24 April 2011

Foraging for Free

Spring has finally sprung in CrabbyCrafterland!  One of the cool things about living in our area is that there are a lot of wild edible plants for us to nibble on.  Now, not only do I like consuming these unusual and tasty treats, wild plants are also free.  And I like free.  I really like free.

Wild garlic (ramson) is one of my favourites -- it tastes rather like spinach crossed with garlic and the entire plant is edible.  It's wonderful with pasta or in soups and stir fries.  You can stick it in a food processor with walnuts, olive oil, and a pinch of salt and make pesto.  This is the big one for us -- it is everywhere here and we can feast like crazy on it.  I always try to freeze some for the winter (although I usually end up eating it long before winter arrives), but I'm going to try to dry some this year, too.

Nettle is another lovely -- it tastes like iron-flavoured spinach and is great pureed in a soup or brewed as a tea.  Many recommend picking just the top few leaves, but I often pick the lower ones, as well.  Be sure to wear gardening gloves when you pick nettle because, boy, do they sting!  The stinging goes away as soon as you start to cook them, though.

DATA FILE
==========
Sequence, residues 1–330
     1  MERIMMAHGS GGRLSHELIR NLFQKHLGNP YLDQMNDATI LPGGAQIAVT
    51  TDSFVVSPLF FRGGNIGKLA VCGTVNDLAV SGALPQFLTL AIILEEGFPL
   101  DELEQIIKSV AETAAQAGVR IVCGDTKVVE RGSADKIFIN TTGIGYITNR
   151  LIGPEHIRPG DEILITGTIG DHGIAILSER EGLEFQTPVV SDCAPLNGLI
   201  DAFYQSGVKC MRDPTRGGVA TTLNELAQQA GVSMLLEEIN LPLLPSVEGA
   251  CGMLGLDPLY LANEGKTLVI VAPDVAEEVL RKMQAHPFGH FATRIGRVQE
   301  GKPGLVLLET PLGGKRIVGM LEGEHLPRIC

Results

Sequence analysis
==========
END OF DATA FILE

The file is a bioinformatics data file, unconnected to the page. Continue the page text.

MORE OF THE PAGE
Dandelions are fun -- the whole thing is edible, too.  The leaves taste like bitter arugula (rocket) and are great in salads and stir-fries.  The flowers can be eaten or brewed as a tea.  The roots can be roasted and brewed as a coffee substitute.  There are so many wonderful websites devoted to eating dandelions; I even read you can use the white sap to help clear up acne! 

Blackberry plants are great.  In the spring, you can pick the leaves and brew them as tea (use gloves -- the stems and the leaves can get kind of pokey) and in the fall, of course, you have blackberries.

And finally, rosehips.  They are best picked in the fall after the first frost.  You can make rosehip jam, rosehip syrup, rosehip tea, and much more, including itching powder!  Rosehips are packed with flavour and vitamin C. 

What wild food is available near you?  Are there any wild edible goodies in the Scottish countryside that I've overlooked?

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